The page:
Three more Malaysian glove manufacturers have been banned from exporting products to the United States by the Customs and Border Patrol due to evidence that the companies use forced labor. All three held multiple ISO certifications issued by bodies accredited by UKAS, raising questions as to how so many SGS auditors could have failed to report the crimes.

Three subsidiaries of Supermax Corporation were found to be using slave labor to manufacture nitrile and other gloves, a market which has seen a dramatic increase since the COVID-19 pandemic. Supermax Glove Manufacturing, Maxwell Glove Manufacturing, and Maxter Glove Manufacturing all hold ISO 9001 and ISO 13485 certificates issued by the certification body SGS, which itself is accredited by the United Kingdom Accreditation Services (UKAS). In order to obtain these certifications, auditors from SGS would have had to conduct on-site audits of the facilities and staff of all three companies, meaning auditors were likely to have witnessed the criminal treatment of workers first-hand.

The companies appear to also hold certifications from the Malaysian certification body SIRIM, which is also accredited by UKAS.

Oxebridge verified the certificates through SGS’ official website as well as that of IQNet.

Screenshot of certification verification for Maxwell Glove, from SGS official website.

The Supermax products will now be withheld at the border and not released into the US market.

The latest ban represents another blow against the reputation of UKAS and the ISO certification scheme. The massive Malaysian glove manufacturer Top Glove faced a similar ban, despite holding ISO certifications issued by SGS and SIRIM, and accredited by UKAS.

The Malaysian plants of another glove manufacturer, WRP Asia Pacific, are certified to ISO 13485 and other standards by BSI, which is also accredited by UKAS.  The Guardian newspaper quoted a witness who said, “the overall working conditions [at WRP] were some of the worst he had ever seen, where factory temperatures were up to 70C for those working near ovens and more than 3,000 workers were housed in a hostel built for 1,800.”

The Malaysian firms largely abuse foreign workers from Nepal or Bangladesh. There are an estimated two million migrant workers subjected to forced labor in the country.

The firm FGV Holdings Berhad was also banned by the US due to its use of forced labor, with that company partly owned by the Malaysian government. Ironically, FGV holds certification to ISO 37001 for an “anti-bribery management system”, also issued by SIRIM and accredited by UKAS.

Another holding company, Sime Darby Berhad, was also banned by the US while holding “13 ISO certifications” according to the LinkedIn profile of one employee. At least one of those certifications is ISO 37001 for anti-bribery management systems, although Oxebridge could not verify the issuing certification body.

SIRIM is Malaysia’s primary certification body, and is operated by the Malaysian government under the Ministry of International Trade and Industry. It is largely thought to be one of the most corrupt certification bodies operating in the Asian region today. SIRIM has refused to address complaints related to its operations in Malaysia, which are expected to have enabled the use of hundreds of thousands of slave laborers in that country. SIRIM is headed by Dr. Ahmad Sabirin bin Arshad, a former California State University graduate and aerospace engineer.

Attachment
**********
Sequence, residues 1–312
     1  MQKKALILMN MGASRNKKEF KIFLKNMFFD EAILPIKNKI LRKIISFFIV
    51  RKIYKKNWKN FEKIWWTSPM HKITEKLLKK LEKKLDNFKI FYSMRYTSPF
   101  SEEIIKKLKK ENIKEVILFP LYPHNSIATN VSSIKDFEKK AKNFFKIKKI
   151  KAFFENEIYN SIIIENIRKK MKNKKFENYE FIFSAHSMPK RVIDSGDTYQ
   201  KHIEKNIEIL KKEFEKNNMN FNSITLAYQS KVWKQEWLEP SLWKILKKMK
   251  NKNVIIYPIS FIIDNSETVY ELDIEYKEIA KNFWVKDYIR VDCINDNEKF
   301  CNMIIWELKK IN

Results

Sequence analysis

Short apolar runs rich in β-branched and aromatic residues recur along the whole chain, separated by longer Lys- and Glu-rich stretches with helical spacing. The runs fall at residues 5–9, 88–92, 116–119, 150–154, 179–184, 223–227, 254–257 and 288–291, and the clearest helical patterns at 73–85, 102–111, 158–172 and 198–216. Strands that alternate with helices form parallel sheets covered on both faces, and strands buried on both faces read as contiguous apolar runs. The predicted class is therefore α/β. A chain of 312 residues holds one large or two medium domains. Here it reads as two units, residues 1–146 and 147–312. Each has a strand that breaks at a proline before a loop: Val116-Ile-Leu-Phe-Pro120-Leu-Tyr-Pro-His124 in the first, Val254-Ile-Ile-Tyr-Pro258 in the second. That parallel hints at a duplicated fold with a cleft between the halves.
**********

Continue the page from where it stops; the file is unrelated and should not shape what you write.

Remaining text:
UKAS is supposed to audit certification bodies like SGS and SIRIM to ensure they are conducting on-site audits, and holding clients accountable to “statutory and regulatory requirements.” Routinely, however, UKAS-accredited certificates have been found to be issued to companies found to have flouted international laws and openly committing crimes.

UKAS CEO Matt Gantley has refused to comment or take action on the scandals, and continues to accept payment for the issuance of certifications to such companies. UKAS earns its revenue through accreditation fees charged to the companies by the certification bodies such as SGS or SIRIM, who then pass the fees along to UKAS.  The criminal enterprises then use the UKAS logo to legitimize their operations and enable easy export worldwide.

The certificates also bear the logo of IQNet, which has likewise refused to take action.

Bodies like SGS and UKAS escape oversight by government regulators, as they use political connections to expand their hold over international trade while ignoring crimes committed by their certified clients. Governments, including that of the US and UK, then claim the privatization of accreditation by such bodies allows for a reduction in taxes. This arrangement, favored by politicians, enables international crimes to be committed with impunity while under the logos of major bodies like UKAS and ANAB.

Malaysia’s government has promised to take action against the slave trade within its borders, but has historically ignored the issue since it is directly involved in the practice.

 

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Why we report on these topics

Since 2000, Oxebridge has worked to improve ISO and related certification schemes by identifying problems and then proposing solutions. We report on issues affecting standards users because so few other news outlets do. Our belief is that in order to fix the problems in these schemes, we must first understand the nature and breadth of those problems. Our reporting aims to do just that. Elsewhere on the Oxebridge site you will find White Papers and other articles proposing ideas to correct these problems.

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